How Beacons Will Transform Your Office

By Mike Elgan  |  Posted 2015-02-11 Email Print this article Print

Extremely accurate indoor location technology isn't just for Facebook check-ins. It's going to transform the workplace—and much sooner than you think.

Conference rooms, in particular, will be significantly improved. Booking a room will be easy, and you'll be able to know exactly who's in the room—and when it's vacated and available—by checking a smartphone app. Among other things, beacons will facilitate room lighting, thermostat control, access to the projector (including putting a slide deck on the phone or in the cloud up on the screen), shared notes and automatically created lists of who was in the meeting.

Another benefit: Instead of motion-detectors in bathrooms and offices, beacons will keep the lights on when you need them and turn them off when you don't, thereby saving energy and money.

They'll do the same for company PCs and tablets. Because any compute device can function as a beacon, mere proximity to the unit will be enough to start your computer when you approach, and shut it down or password-protect it when you step away from your desk.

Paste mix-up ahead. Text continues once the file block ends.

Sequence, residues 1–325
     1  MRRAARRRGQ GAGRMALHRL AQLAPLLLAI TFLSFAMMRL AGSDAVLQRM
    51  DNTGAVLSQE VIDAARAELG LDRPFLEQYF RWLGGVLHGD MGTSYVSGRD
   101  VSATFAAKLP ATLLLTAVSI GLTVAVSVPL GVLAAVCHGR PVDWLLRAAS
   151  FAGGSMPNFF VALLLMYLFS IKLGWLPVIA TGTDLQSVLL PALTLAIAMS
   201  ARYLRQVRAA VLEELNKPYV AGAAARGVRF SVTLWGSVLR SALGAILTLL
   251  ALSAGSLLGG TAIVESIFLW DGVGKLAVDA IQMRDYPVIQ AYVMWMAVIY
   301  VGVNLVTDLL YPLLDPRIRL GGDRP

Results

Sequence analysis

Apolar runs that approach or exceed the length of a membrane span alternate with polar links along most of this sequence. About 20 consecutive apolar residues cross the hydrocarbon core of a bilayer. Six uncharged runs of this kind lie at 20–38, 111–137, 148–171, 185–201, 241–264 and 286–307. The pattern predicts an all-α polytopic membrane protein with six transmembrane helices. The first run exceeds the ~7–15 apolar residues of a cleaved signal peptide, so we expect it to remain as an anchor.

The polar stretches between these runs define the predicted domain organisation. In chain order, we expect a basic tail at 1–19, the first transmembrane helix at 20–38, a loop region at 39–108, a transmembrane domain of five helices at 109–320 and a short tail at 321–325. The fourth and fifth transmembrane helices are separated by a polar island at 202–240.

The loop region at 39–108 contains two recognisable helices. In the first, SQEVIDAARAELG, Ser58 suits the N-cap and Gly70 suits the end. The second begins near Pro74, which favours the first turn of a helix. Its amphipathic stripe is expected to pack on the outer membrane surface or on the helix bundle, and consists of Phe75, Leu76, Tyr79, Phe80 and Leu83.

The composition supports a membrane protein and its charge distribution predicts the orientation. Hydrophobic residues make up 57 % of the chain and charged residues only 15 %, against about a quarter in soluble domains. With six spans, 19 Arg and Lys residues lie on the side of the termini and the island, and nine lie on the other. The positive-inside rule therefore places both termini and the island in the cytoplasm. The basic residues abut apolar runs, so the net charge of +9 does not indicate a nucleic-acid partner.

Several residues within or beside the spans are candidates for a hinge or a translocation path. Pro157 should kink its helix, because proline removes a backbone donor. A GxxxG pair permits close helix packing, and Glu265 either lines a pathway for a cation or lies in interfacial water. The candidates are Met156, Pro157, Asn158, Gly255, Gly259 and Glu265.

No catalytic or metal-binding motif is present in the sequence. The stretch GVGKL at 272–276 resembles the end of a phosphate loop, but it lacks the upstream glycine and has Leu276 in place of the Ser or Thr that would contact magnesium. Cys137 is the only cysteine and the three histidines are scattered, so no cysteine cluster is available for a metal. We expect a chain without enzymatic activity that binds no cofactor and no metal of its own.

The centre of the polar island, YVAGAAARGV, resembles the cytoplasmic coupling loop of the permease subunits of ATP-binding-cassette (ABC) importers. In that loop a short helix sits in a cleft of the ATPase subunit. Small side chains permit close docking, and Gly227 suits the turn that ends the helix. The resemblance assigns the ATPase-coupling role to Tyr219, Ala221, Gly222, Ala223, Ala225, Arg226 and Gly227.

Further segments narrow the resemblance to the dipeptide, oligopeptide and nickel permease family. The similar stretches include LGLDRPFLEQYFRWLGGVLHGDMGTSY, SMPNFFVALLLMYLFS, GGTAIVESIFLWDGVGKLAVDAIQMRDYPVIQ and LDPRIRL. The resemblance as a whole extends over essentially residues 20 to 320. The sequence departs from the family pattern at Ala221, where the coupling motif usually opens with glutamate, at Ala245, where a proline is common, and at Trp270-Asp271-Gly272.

Objects will use beacons to identify their location, enabling IT to keep track of laptops, tablets, projectors and other portable equipment. Prototypes, architectural models and other objects will broadcast their location to anyone interested at all times.

Beacons will improve the process of entering and exiting the workplace by replacing badges and key cards. They also will enable consultants and professionals such as lawyers to more easily calculate billable hours. In larger office buildings, deliveries will be able to be tracked starting from the second those packages hit the mailroom. In addition, you'll be able to get turn-by-turn walking directions inside an office or building.

Undoubtedly, Beacons will also transform the workplace in harder-to-predict ways. It will be up to the application developers to innovate using this very simple, yet potentially powerful technology.

The larger point is that the whole conversation around beacons—which obsesses over retail coupon delivery, stadium and museum navigation, and check-ins— currently focuses almost exclusively on consumer-facing applications. In fact, however, the impact of beacons will be just as great (if not greater) on business and enterprise applications and in our workplaces.


Mike Elgan, a Baseline contributor, is a Silicon Valley-based columnist, writer, speaker and blogger.


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